Too often, ambition gets in the way of accomplishment. Everyone in Nashville complains about the traffic. Discussion of solutions has centered on building subways, trams and light rail.
Several years ago, these ideas coalesced into a $9 billion proposal, but the voters rejected it as too expensive, risky and disruptive
A recent trip to London, England, opened my eyes to another possibility. London, which has a population 9.5 million, has a good rail and subway system, but it also has outstanding bus service, symbolized by its famous double-decker buses.
Its buses carry 6.5 million people every day — totaling 68% of its population. Almost every bus stop has a shelter to protect those waiting from the rain and detailed maps and schedules of the routes of passing buses.
Many have electronic displays showing when the next buses will arrive. The system is as convenient as the subway and even more extensive.
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Improvements are need; here are some ideas
Nashville, in comparison, with 704,000 people, had an average monthly ridership of 532,967 per month in 2022, which is about 17,765 per day — or the equivalent of 2.5% of the population.
Stops often consist of no more than a sign saying that a bus will stop here at some point.
There are not enough shelters from the rain and sun. Service is not always consistent. Under these circumstances, it is no wonder that so few use the system.
The good news is that improvements could yield substantial benefits. Considering the price of gasoline, the trouble and expense of parking, and the frustrations of traffic, it is safe to say that many Nashvillians would take a bus if it was convenient and reliable — particularly if it offered free Wi-Fi.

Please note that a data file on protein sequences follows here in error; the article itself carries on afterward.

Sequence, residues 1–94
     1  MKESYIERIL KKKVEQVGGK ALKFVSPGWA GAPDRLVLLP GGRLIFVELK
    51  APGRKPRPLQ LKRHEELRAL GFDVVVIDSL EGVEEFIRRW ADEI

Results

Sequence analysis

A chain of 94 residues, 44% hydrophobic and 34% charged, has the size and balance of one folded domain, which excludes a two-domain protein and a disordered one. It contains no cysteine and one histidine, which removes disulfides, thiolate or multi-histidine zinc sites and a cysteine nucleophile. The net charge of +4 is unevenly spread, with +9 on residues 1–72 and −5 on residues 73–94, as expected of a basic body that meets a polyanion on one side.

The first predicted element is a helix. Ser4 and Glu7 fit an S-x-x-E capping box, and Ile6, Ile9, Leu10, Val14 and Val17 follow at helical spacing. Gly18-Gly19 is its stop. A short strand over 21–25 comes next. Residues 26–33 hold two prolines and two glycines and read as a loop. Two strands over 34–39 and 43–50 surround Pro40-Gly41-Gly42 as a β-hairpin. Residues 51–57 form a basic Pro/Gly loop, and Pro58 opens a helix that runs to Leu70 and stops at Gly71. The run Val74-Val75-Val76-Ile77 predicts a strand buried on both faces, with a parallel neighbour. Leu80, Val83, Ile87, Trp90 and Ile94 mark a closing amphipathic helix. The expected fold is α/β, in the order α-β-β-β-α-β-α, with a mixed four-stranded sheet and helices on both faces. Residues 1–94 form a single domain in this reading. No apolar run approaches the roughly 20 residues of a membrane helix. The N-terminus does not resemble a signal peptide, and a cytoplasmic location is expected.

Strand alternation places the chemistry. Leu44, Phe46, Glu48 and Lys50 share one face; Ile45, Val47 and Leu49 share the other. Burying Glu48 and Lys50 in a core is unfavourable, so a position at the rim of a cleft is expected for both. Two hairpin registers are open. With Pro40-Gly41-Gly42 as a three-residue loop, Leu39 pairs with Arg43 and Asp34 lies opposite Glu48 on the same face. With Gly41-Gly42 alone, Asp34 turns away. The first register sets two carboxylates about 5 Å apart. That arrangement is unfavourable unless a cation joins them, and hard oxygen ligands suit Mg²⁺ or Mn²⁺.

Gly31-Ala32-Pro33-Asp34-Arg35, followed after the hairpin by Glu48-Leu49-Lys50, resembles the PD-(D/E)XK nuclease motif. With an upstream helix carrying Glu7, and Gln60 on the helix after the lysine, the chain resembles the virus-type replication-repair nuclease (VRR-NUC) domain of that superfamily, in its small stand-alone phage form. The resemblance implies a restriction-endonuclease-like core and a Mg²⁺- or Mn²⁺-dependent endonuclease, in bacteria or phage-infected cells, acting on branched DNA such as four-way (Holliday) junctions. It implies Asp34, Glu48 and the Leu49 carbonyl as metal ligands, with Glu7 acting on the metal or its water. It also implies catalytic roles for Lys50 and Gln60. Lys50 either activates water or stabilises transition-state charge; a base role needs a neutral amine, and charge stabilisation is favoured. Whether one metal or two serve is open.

Assuming that bus riders take two trips per day, out and back, simply doubling Nashville’s ridership to 40,000 a day could take 10,000 cars off the roads. A really large increase in the number of riders to, say, 100,000 a day could eliminate the worst of the traffic problem.
Progress would be neither easy nor free. The city would have to greatly increase the frequency of buses and establish many more routes. It would have to upgrade almost every stop with shelters and maps as well as repair vandalism and erase graffiti promptly.
Not the least, the city would have to advertise service heavily, not simply for a few months but constantly. All of this would cost money.
State of the art buses cost over $500,000 each. Upgrading bus stops will cost more, as will new drivers. Income from fares will cover only part of the expense. Even with large improvements in service, ridership will increase only gradually.
People will not abandon their cars unless they have confidence in the bus system and building that confidence will take time. An ambitious, well-executed expansion of bus service would probably require about two years before showing results.
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Cost is why investing in buses is the best solution
Buses are far less expensive and disruptive than the alternatives, however. Subway train cars can cost as much as $2 million each and digging a subway tunnel can cost as much as $1 billion a mile.
Construction would take years. Of course, Nashville could simply build new roads and widening existing ones, but that would cost every bit as much as a subway and take just as long to complete.
Politicians like dramatic gestures that create headlines and allow them to hand out large sums of money.
Nashvillians are right to be skeptical of such initiatives.
Buses offer a way forward if only the people of Nashville and their leaders will recognize it.
Wyatt Wells is a professor of history at Auburn University at Montgomery, but he grew up and received much of his education in Nashville.
This article originally appeared on Nashville Tennessean: Buses are the way forward for Nashville, but more investment is key